The adidas Ultraboost Light, the latest Ultraboost running shoe from adidas, features Light BOOST midsole, offering a lightweight, energy-packed ride.
While it weighs less than prior models, it doesn’t compromise on the springy responsiveness that makes runs feel faster and smoother. And with less weight, you’ll be running faster than ever!
Let’s dive into the details of this running shoe so you can decide if it’s worthy of being your next running shoe.
Pros and Cons
Overall, the pros seem to outweigh the cons on the adidas Solarcontrol.
- Weighs more than an ounce less than other Ultraboost shoes
- Great heel lockdown for extra stability
- Nice energy return
- Soft, stretchy upper is comfortable with a good fit
- No extra eyelet for different lacing techniques
- Firm foam could be a dealbreaker for some
The Ultraboost Light’s one-piece upper has a slightly relaxed fit that places emphasis on comfort rather than performance. The material will stretch and move with your feet as you run, so although the shoe fits true to size, it’s not a snug fit.
It’s made with ocean plastic, so it’s a sustainable and eco-friendly shoe. The thickness of the material does make it a little less breathable than other similar shoes.
On the first few wears, the shoe might feel low-volume. It should stretch out after a few runs and feel more comfortable.
It isn’t sloppy, though. There’s a synthetic midfoot cage attached to the laces, which secures your foot in the shoe.
It’s missing the extra eyelet that allows for a runner’s knot. But there’s an external heel clip running down either side of the heel cup, which helps to prevent lateral movement of the heel.
This is paired with a well-cushioned inner heel, which does a pretty good job of locking your foot down. The heel is a little on the wide side, so it’s best for those with a normal-to-wide heel.
Fashion-conscious runners will be pleased to know that the adidas Ultraboost Light comes in many colors.
A full-length slab of Light Boost foam provides both firmness and responsiveness. Boost foam is unique in that it contains small pockets of air, which gives it its lightness as well as extra bounce (i.e. boost!).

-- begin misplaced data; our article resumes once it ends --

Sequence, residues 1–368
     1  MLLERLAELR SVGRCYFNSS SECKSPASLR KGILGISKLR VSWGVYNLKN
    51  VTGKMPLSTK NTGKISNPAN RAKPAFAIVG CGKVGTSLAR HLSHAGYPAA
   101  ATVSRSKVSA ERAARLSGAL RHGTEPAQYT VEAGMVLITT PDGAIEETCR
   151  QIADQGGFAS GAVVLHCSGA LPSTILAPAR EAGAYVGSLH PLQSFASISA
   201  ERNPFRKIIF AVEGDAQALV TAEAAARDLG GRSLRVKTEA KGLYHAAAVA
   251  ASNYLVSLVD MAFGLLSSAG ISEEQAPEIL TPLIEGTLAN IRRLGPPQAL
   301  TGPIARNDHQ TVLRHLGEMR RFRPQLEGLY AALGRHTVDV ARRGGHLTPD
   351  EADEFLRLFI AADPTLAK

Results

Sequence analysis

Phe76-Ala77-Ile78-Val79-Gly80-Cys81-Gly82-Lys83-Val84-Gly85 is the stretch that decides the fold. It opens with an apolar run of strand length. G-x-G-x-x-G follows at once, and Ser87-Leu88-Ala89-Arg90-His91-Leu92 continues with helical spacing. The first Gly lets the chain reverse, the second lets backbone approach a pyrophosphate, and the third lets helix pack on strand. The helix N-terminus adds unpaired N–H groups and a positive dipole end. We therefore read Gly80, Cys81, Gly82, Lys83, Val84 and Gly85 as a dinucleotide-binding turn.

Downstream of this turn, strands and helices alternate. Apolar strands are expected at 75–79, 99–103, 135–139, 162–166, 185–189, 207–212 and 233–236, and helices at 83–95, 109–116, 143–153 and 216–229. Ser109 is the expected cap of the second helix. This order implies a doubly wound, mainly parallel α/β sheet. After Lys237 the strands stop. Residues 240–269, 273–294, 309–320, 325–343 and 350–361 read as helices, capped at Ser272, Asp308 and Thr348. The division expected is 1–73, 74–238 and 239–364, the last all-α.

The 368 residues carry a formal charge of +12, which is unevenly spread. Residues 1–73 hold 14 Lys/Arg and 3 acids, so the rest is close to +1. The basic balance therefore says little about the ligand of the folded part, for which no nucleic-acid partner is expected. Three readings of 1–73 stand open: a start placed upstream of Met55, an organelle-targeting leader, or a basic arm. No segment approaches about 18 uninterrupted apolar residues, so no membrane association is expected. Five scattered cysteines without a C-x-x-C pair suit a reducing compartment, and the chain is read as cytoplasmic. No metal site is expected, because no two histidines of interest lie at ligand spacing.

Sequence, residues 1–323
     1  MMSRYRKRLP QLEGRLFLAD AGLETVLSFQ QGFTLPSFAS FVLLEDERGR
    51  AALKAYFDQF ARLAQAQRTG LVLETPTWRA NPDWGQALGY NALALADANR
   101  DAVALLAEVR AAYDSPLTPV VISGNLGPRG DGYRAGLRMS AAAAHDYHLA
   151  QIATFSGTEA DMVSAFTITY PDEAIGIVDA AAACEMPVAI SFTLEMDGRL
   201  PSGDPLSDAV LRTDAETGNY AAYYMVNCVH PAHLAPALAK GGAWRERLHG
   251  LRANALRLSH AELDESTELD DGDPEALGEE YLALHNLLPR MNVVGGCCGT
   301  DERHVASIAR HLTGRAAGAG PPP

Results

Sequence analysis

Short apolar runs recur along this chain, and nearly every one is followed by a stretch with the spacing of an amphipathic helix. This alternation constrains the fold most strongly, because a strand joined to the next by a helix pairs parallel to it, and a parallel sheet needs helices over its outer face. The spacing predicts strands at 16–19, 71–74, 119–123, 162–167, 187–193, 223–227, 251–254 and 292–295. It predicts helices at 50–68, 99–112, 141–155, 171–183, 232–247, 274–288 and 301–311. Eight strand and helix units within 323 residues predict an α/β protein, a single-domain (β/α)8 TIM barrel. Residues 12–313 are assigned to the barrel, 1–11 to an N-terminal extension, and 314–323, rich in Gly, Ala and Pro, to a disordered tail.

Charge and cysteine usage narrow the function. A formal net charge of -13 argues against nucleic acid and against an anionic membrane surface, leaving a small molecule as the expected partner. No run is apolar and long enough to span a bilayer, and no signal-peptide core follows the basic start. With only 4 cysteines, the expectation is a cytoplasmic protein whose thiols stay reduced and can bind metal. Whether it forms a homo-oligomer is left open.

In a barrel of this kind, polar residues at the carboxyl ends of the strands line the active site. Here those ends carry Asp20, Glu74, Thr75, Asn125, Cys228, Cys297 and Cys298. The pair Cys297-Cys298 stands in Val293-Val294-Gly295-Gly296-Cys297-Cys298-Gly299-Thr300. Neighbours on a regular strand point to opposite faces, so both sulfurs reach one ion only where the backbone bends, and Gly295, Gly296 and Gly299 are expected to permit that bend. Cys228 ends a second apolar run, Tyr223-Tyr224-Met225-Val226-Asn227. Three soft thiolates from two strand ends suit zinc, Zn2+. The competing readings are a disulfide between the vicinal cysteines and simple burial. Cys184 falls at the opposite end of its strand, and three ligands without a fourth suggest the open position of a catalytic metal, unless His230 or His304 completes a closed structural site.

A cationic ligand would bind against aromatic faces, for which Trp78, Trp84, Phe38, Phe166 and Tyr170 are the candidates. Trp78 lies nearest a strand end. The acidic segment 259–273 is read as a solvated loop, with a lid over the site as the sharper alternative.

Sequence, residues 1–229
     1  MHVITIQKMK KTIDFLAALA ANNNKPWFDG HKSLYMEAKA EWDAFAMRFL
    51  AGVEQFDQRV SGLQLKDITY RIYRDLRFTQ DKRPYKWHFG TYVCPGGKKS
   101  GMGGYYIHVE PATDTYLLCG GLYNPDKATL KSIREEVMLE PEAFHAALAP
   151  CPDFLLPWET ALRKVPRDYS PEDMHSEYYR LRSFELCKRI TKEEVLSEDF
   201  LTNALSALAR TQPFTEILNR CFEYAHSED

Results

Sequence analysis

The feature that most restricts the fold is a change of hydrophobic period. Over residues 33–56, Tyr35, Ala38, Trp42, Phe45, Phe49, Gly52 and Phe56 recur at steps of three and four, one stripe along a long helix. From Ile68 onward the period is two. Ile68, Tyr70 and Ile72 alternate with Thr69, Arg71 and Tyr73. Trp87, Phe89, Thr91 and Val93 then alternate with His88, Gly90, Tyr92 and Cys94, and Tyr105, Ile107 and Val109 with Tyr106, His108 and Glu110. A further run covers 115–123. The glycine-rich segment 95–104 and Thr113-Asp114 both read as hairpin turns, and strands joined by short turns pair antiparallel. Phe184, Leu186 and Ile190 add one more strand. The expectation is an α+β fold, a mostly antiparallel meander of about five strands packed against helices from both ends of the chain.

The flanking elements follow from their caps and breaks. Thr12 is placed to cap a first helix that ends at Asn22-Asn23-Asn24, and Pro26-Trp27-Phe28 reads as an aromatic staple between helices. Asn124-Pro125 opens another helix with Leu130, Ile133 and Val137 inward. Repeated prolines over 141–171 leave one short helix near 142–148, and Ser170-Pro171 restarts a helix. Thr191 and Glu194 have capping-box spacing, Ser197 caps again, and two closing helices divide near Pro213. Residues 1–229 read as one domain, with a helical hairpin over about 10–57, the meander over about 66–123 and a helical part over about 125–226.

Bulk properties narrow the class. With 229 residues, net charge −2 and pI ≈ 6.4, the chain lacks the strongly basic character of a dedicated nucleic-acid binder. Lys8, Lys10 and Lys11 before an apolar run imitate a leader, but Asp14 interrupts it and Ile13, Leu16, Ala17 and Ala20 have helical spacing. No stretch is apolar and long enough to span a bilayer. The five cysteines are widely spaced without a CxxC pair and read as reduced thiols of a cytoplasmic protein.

Light Boost foam is formulated to be about 30 percent lighter and provide 3 percent more energy return. The difference between regular Boost and Light Boost makes the Ultraboost Light almost an ounce lighter.
There’s 29.3 mm of foam in the heel, which is good news for heel strikers as it offers a soft, shock-absorbing landing.
The 10 mm heel-to-toe drop helps take pressure off the Achilles, so it’s ideal for those who need extra support for Achilles tendonitis.
There’s a unique reinforcement system in the midsole called Linear Energy Push, which stiffens up the forefoot a little so there’s less flex and more responsiveness. This makes it a great shoe for faster runs or races.
The outsole of the Ultraboost Light is made of Continental Better Rubber—the same material as their tires. It’s grippy and highly durable, so you should get plenty of miles out of these shoes.
Rubber is carefully placed on the most wear-prone areas of the sole, leaving a section of exposed foam down the middle of the shoe. This helps to lighten the shoe, and it also makes your heel-to-toe transitions a little more responsive.
The adidas Ultraboost Light has a 10 mm heel drop. This is just below the traditional 12 mm, so those switching from a 12 mm drop should get used to it quickly.
For runners with Achilles problems, 12 mm is an excellent drop. It’s high enough to take some load off the Achilles but doesn’t place as much pressure on the forefoot as a 12 mm drop shoe.
The women’s running shoe weighs 9.1 ounces for a size 6. The men’s shoe is 10.3 ounces for a size 9. It’s around an ounce lighter than the original Ultraboost, but this differs across sizes.
If you liked the original Ultraboost, you’ll appreciate the lighter weight of this one and your runs will be better for it, both in comfort and responsiveness!
The tough rubber on the outsole of this shoe is highly durable. You should be able to get a good few hundred miles out of them, but it does depend on your mileage, the surface you run on, and how hard you usually are on shoes.
The Boost foam in the midsole is also durable and should resist damage from compression for many hundreds of miles. Even the upper is surprisingly long-lasting, thanks to its thickness.
At $190 per pair, the adidas Ultraboost Light is on the more expensive end of the spectrum.
However, if you’re an adidas fan and you loved the previous Ultraboost, you’ll most likely get your money’s worth. Its durability means you won’t need to buy new shoes for at least a few hundred miles, and you also get a much wider range of color choices than most other shoes.
Who Should Run in This Shoe?
The adidas Ultraboost Light is designed for neutral runners. It’s an excellent choice for runners who enjoy a responsive shoe that can be used for everyday runs.
Those who prefer their cushioning on the firm side will appreciate how the Ultraboost Light feels underfoot.
And because the shoe is so light, it also works well as a race-day shoe.
Who Should Not Run in This Shoe?
If you prefer soft cushioning, you might find it uncomfortable. It also might not be the best choice for runners with narrow heels, since it’s hard to lock your heel.
The stretchy upper of the Ultraboost Light might also feel too unstructured for some runners. If you like a firm, secure upper, this shoe might not be for you.
It also runs a touch wide, so if you have narrow fit, you may not get the best fit.